Trump Executive Order looks at comprehensive reorganization in executive branch
Since he was inaugurated, President Donald Trump has issued a number of impactful Executive Orders, but Harriet Hageman of Hageman Law, P.C. in Cheyenne says that one in particular was issued in mid-March that provides a reason for optimism.
“On March 13, President Trump issued the ‘Presidential Executive Order on a Comprehensive Plan for Reorganizing the Executive Branch,’” Hageman said on March 17 during the CLE Water and Energy Law Conference. “I think we should all cheer. This could be absolutely huge.”
She cited ideas of states’ rights and private property rights as top priorities for the industry, which are echoed in the Executive Order.
“I believe our local and state agencies are better at addressing water and natural resource issues than that federal level,” Hageman explained. “There are only a couple of ways to succeed, and one of them has to be to cut power in Washington, D.C. and return it to the states.”
Hageman noted that, among the opportunities for cutting Washington, D.C.’s power is to reduce their funding levels through tax reform.
“Power needs to be returned to the states through tax reform,” she said.
She continued, “I think it’s a mistake to talk about whether a tax should be 40 percent or 35 percent. The discussion should be 40 percent or five percent.”
Taxing authority, Hageman added, should be in the hands of the states.
“As I was visiting yesterday, the topic about cuts to the Environmental Protection Agency (EPA) came up,” she said. “There are legitimate concerns in a state like Wyoming that is dependent on federal funds coming back to the state.”
While Hageman said she believes that the Wyoming Department of Environmental Quality (DEQ) is a well-run office, they rely on federal monies that are returned to the states to do much of their work.
“I’d rather deal with DEQ when it comes to permitting, concentrated animal feeding operations and other issues,” she said. “It’s kind of scary to think about what a 30 percent cut to EPA would do to that agency and Wyoming.”
Instead, she promoted a concept of block grants to the states for funding.
“Don’t fund EPA through employees or Clean Water Act and Clean Air Act enforcement,” she explained. “Instead, provide funding to the states to enforce their own rules and regulations.”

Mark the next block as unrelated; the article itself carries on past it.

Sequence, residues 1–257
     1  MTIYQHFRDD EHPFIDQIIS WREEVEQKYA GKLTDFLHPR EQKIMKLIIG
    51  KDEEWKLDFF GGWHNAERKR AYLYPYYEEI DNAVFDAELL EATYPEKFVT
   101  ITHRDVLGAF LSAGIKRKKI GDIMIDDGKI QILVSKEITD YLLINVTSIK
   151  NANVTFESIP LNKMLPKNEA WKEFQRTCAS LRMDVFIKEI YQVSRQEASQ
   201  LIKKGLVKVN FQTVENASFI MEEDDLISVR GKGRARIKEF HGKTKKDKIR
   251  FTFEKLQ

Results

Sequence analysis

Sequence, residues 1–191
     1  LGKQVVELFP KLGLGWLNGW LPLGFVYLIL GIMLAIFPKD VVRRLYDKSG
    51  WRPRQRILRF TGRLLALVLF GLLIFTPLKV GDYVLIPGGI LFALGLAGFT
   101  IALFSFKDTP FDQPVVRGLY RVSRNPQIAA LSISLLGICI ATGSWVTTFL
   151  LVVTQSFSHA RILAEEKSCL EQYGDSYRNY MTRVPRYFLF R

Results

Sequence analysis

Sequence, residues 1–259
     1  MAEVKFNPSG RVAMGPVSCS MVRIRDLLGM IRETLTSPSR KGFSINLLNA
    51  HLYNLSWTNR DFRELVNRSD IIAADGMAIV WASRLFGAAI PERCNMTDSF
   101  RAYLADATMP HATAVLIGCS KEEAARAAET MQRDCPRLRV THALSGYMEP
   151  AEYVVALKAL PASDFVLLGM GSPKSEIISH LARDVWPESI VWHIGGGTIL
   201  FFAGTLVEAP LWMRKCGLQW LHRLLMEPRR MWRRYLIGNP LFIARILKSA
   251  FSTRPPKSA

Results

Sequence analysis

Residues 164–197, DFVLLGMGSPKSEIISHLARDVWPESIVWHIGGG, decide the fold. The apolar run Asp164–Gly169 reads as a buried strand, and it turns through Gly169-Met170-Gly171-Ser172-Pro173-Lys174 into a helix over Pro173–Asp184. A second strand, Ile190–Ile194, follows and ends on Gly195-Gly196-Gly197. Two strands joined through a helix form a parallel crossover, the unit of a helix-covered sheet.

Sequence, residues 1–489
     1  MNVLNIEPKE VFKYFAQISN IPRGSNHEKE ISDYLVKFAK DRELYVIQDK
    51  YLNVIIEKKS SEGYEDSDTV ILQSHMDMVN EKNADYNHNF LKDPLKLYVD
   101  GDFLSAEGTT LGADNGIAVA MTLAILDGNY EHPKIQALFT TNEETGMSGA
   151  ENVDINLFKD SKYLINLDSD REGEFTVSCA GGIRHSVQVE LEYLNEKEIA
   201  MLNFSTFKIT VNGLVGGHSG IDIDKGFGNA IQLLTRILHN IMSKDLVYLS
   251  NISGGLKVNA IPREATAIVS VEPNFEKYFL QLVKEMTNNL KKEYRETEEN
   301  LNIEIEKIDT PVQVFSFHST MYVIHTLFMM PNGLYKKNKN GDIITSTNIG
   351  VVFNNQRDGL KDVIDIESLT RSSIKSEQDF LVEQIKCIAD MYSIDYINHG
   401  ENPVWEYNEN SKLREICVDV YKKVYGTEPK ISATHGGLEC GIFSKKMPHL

Trump’s March 13 Executive Order begins, “This order is intended to improve the efficiency, effectiveness and accountability of the executive branch by directing the Director of the Office of Management and Budget (OMB) Director to propose a plan to reorganize governmental functions and eliminate unnecessary agencies, components of agencies and agency programs.”
Within 180 days of the March 13 release, the director of OMB is asked to submit a plan to reorganize the branch.
“We’ve been down this road before,” Hageman said. “It’s almost like a rhyme – waste, fraud and abuse, every administration talks about eliminating those three things.”
However, she continued, “They’ve got to do something about the $20 trillion in debt that the U.S. has. The current business model isn’t working, and we have to do something. I hope they are serious.”
Inside the reorganization
Hageman called several elements of the Executive Order “music to my ears,” as she read it.
For example, the Order states, “In developing the proposed plan, the Director shall consider, in addition to any other relevant factors, whether some or all functions of the agency, a component or a program are appropriate for the federal government or would be better left to state or local governments or to the private sector through free enterprise.”
When states are involved, Hageman emphasized that many processes could be streamlined and more efficient while also costing substantially less.
The Order also called for an elimination of redundancies, evaluation of costs relative to public benefit and the cost of shutting down agencies.
“We never look at the cost-benefit analysis at the federal level,” Hageman said. “For example, I read about a study that Fish and Wildlife Service did where they were studying shrimp on treadmills. I don’t think we should be spending good money to study shrimp on treadmills.”
“Are we providing any public benefit from that? It’s an absurdity that we should spend money there,” she added.
Hageman noted, “It’s an interesting Executive Order, and we’ll have to see what comes of it.”
Saige Albert is managing editor of the Wyoming Livestock Roundup and can be reached at email@example.com.